Wednesday, March 09, 2016

Halfmoon Island

[Kyle]A couple hours after leaving the gloom at Deception Island, the sky began to clear, until we were left with a brilliant blue sky with just enough cloud cover for dramatic effect. A couple hours after that, Expedition rounded Livingston Island and headed toward the unoccupied Argentine base on the smaller Halfmoon Island, which is located within one of Livingston's bays. The anchor was lowered and the zodiacs were put in the water for the afternoon's excursion.


.. and then the sun shone!


Icebergs on our zodiac tour

We were landed on a beach toward one end of the island. There, we were greeted by much tamer seals lounging near the hulk of an old whaling boat. We crossed over a saddle to the Livingston side, passing several different groups of Chinstrap penguins along the way. We walked along a cobbled beach full of more seals before angling back up the hill towards the island's main Chinstrap colony at the top. Hidden among the Chinstraps was a lone Macaroni penguin that has apparently been living among them for over a decade.


Another trip ashore to wonderland!

It was at the colony that Maryanne started to feel a little queasy. The dense colony had been a bit more pungent than we had encountered before and it was getting to her. We retreated to some fresh air, but that didn't seem to help. Eventually, she decided to return to the beach and wait for a zodiac back to Expedition. I lingered for a while taking pictures, but still made it to the beach before her zodiac left. We returned to the ship together.

There had been a stomach bug making its way through the ship since leaving Ushuaia. The ship's doctor, Kristina, was aware of it and had briefed us all very well about the importance of frequent hand washing and avoiding contact with those who have been sick. It looked like Maryanne's number finally came up.

I talked to the doctor while she lay in her berth. She said she could give Maryanne something to reduce the symptoms, but it would also slow the progression and recovery from the illness. Otherwise, I was told, Maryanne would have a rough eight to twenty-four hours. Maryanne decided to tough it out and get it over with.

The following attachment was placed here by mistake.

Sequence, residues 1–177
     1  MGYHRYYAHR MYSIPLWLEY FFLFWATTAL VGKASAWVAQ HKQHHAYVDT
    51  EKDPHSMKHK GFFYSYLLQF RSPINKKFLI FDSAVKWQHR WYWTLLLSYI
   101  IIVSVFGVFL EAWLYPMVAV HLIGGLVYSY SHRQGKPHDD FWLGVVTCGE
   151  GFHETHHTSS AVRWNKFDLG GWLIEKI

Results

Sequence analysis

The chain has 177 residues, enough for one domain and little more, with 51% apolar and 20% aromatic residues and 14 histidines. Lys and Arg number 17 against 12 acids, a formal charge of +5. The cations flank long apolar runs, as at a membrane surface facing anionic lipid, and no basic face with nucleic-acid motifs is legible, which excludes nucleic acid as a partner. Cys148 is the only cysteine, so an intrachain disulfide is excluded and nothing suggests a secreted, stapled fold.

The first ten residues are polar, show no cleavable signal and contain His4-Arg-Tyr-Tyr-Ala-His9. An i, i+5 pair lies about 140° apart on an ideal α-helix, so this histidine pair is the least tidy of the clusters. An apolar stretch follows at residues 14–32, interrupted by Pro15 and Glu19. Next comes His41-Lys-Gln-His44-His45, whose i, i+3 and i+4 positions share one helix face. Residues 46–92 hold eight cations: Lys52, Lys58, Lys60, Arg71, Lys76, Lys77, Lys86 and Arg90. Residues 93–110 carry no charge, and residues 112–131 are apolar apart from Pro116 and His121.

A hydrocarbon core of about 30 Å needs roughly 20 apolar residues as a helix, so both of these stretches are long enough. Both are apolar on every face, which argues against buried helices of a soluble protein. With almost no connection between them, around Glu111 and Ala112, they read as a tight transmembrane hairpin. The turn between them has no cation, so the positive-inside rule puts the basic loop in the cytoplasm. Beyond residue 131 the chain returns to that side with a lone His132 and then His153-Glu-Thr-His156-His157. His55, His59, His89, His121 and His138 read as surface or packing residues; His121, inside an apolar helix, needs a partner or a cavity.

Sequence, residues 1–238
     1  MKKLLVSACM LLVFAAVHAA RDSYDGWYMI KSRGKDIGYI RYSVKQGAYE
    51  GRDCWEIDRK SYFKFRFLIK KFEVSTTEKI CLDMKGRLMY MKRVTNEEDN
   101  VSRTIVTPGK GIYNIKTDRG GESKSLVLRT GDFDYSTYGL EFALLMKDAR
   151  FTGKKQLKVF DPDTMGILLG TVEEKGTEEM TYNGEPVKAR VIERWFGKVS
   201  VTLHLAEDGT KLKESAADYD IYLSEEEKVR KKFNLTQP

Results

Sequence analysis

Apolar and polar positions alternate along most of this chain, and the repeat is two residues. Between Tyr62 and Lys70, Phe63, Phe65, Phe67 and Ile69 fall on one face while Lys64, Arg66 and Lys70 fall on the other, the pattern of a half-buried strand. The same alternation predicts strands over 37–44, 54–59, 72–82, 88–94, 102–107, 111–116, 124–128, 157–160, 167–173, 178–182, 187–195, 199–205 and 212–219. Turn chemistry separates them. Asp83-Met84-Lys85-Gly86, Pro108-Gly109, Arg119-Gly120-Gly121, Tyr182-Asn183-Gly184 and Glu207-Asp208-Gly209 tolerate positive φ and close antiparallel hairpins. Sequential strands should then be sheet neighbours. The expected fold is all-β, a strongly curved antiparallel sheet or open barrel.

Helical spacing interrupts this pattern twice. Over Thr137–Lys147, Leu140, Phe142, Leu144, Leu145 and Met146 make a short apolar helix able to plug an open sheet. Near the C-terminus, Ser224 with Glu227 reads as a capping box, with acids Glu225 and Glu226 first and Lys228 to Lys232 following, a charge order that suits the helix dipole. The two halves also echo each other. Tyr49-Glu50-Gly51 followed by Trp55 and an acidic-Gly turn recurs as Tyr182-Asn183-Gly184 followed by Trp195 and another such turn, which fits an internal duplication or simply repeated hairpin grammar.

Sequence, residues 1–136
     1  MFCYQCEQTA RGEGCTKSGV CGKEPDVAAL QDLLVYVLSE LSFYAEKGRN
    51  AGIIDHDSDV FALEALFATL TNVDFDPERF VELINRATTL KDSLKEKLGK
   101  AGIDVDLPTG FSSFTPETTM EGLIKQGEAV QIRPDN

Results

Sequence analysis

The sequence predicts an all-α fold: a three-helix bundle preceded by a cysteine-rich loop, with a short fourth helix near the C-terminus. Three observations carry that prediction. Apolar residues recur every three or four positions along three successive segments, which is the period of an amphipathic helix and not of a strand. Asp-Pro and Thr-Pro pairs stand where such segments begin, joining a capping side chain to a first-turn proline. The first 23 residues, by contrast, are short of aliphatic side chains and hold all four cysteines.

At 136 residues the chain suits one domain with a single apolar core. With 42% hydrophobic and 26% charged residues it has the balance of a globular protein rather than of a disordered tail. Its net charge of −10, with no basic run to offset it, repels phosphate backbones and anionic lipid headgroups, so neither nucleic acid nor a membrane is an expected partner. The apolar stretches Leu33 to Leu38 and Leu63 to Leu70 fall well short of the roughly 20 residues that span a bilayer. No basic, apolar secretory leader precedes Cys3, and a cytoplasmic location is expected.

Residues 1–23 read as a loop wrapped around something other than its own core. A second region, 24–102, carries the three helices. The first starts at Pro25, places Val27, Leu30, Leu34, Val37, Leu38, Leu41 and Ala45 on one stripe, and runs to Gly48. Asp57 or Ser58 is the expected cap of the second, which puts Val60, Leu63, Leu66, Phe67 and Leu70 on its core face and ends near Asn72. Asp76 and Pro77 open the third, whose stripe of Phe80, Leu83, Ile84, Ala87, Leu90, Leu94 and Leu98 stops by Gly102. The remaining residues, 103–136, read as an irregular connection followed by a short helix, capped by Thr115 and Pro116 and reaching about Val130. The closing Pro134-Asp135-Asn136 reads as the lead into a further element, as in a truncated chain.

Our final evening in Antarctica was a beauty

Well, at least it happened at the very last stop. It was a shame, though. It was a beautiful clear evening as Expedition left the island and began the trip back to the NNE along Bransfield Strait. The sunset was gorgeous and one last time, the ship was surrounded by whales feeding by enormous blue icebergs in the last of the light. It was a perfect goodbye to the frozen continent. It was such a shame Maryanne had missed it.

I checked on her again. She was feeling the same and insisted that I go to the evening briefing without her. I showed up late and ended up standing in the back. A slideshow of the amazing entries for the black and white photo contest was shown and then a countdown was announced of the winners. I was shocked when my photo of the spotlight during the blizzard won me the first prize of a bottle of Malbec. There were some very good entries in there. Mine was just unusual.

I have to give Maryanne a lot of the credit. On the night I took the photo, I was going to leave the camera in our cabin since it was dark outside. Maryanne suggested I take our little waterproof camera in a pocket just in case something interesting happened. I also wasn't even going to submit an entry into the contest, but she did it when I wasn't looking, so I couldn't have done it without her. The bartender told me he would find me at dinner and make sure I got our wine.

Expedition made a big left turn into the English Strait, passing by our first stop at Cecilia and Barrientos islands. This kept the ship's motion to a minimum as dinner was served. I had a quick look outside and then headed to our cabin to check on Maryanne to see if she might be feeling up to eating. The dining room was abuzz with conversation as everybody relived their trip. There was a heightened sense of celebration and I didn't want her to miss it. She still felt lousy, so I rushed up to try to get some food for myself.

I got there just as the last of the desserts were being cleared away. I managed to get a slice of chocolate cake and my bottle of wine to take back to our cabin. It was disappointing. I felt like I had missed the whole party. I returned to our cabin alone. Maryanne was asleep by then, so there was no point opening the wine. I ate my slice of cake and went to bed. Almost as soon as I turned out the light, Expedition passed abeam Greenwich Island and exited the English Strait. We were now back in the open Drake Passage. The swell arrived and the ship started to roll back and forth.

Good visibility, clear skies, sunny; Wind: SE F1; Sea: calm; Air Temp: 12°C

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